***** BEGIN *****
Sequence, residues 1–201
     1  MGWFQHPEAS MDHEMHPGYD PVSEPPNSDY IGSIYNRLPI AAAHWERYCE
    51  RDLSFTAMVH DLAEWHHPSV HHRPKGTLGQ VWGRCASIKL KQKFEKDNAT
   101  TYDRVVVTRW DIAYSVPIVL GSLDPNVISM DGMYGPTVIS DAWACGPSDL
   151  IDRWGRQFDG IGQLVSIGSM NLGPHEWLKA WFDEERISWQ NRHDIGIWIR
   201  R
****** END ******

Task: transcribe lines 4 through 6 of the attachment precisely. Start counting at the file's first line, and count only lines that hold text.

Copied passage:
   101  TYDRVVVTRW DIAYSVPIVL GSLDPNVISM DGMYGPTVIS DAWACGPSDL
   151  IDRWGRQFDG IGQLVSIGSM NLGPHEWLKA WFDEERISWQ NRHDIGIWIR
   201  R